In his great 1959 essay on the relationship between Falstaff and Hal, ‘The Prince’s Dog’, W.H Auden suggested that ‘from an actor’s point of view, the role of Falstaff has the enormous advantage that he only has to think of one thing – playing to an audience’, and goes on to write that ‘Shakespeare has written his part so that it cannot be played unsympathetically’ (tell that to Simon Russell Beale). Auden also insists that ‘Falstaff loves Hal with an absolute devotion’ – an idea that is sure to be played to the hilt in the Icke/McKellen version – but the love is very much unrequited. Early in Henry IV Part One, Hal declares that:

‘So when this loose behaviour I throw off
And pay the debt I never promisèd,
By how much better than my word I am,
By so much shall I falsify men’s hopes;
And, like bright metal on a sullen ground,
My reformation, glitt’ring o’er my fault,
Shall show more goodly and attract more eyes
Than that which hath no foil to set it off.’

So much for a princely affection for his rotund would-be mentor. Yet even after Falstaff is rejected and dies, anti-climatically, offstage – the tidings of his death are reported in Henry V, leading Mistress Quickly to declare, not inaccurately, ‘The king hath killed his heart’ – there is a sense that the character has not died, and cannot die, like a more benevolent Justice Holden in Cormac McCarthy’s Blood Meridian. Instead, Falstaff is eternal, and absolute; he is ‘for all waters’.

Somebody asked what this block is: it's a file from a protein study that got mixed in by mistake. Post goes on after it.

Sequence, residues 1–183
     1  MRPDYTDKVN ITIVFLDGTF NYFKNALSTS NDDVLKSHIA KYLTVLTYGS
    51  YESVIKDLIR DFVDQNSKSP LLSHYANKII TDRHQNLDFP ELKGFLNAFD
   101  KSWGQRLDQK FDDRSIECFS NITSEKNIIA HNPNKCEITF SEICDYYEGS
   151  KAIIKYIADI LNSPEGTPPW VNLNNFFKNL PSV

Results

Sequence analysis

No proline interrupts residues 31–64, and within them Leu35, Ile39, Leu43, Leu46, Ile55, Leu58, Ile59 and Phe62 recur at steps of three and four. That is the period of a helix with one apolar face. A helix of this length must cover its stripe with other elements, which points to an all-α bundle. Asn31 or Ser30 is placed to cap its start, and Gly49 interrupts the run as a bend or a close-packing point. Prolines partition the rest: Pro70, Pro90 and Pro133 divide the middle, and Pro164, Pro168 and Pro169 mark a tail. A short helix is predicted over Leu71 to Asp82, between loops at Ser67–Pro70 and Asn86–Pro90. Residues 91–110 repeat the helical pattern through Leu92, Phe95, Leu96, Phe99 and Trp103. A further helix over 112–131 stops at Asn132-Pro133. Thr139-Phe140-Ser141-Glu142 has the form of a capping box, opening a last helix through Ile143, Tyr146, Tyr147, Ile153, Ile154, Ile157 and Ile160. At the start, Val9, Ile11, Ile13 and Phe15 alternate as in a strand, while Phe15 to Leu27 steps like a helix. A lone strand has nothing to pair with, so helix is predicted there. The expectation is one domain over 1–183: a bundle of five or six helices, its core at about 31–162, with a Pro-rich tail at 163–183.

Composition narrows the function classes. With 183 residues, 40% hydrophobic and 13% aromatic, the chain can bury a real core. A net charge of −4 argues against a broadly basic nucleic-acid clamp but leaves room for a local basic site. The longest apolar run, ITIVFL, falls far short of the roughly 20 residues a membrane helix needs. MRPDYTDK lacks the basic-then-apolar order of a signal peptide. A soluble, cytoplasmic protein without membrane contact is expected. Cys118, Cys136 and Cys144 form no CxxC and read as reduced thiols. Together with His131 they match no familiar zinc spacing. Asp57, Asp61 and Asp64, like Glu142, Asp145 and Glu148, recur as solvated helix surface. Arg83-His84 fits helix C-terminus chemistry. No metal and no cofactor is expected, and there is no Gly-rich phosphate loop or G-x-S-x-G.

When Boris Johnson was compared to Falstaff by some of the more generous conservative commentators during his miserable tenure as Prime Minister, the implication was that Johnson stood for Merrie England, for wenching and drinking and good cheer at the expense of the Puritans who would like to see the frivolous and licentious punished. It was a kind, even over-indulgent, comparison, but it does, inadvertently, capture one aspect of Falstaff’s personality. He is not so much a man of action as a commentator on its idiocy, making sardonic remarks about death and glory and nobility and the like, just as Johnson – like Trump – was less a politician and more a one-man satirical observation on the iniquities of a system that would allow him to rise to the top, virtue and morality be damned.

When McKellen steps onto the stage at the Noël Coward Theatre in March next year in Player Kings, then, he will be faced with a difficult challenge. Not only will he have to embrace the artifice and contradiction of the character, but he will have to do so in a new, as yet untested adaptation of the plays in which the rotund one appears, which will struggle to escape from under the considerable shadow of Welles and Chimes at Midnight. Still, an actor as intelligent and versatile as McKellen should be able to rise to the occasion in a fascinating and unusual way. And he will have to be honest in his approach to the character, too, to dig under his capacious skin. As Falstaff himself says, ‘Hal, if I tell thee a lie, spit in my face, call me horse.’ Let us hope that such an epithet could never be thrown at this most respected of British thespians.


Alexander Larman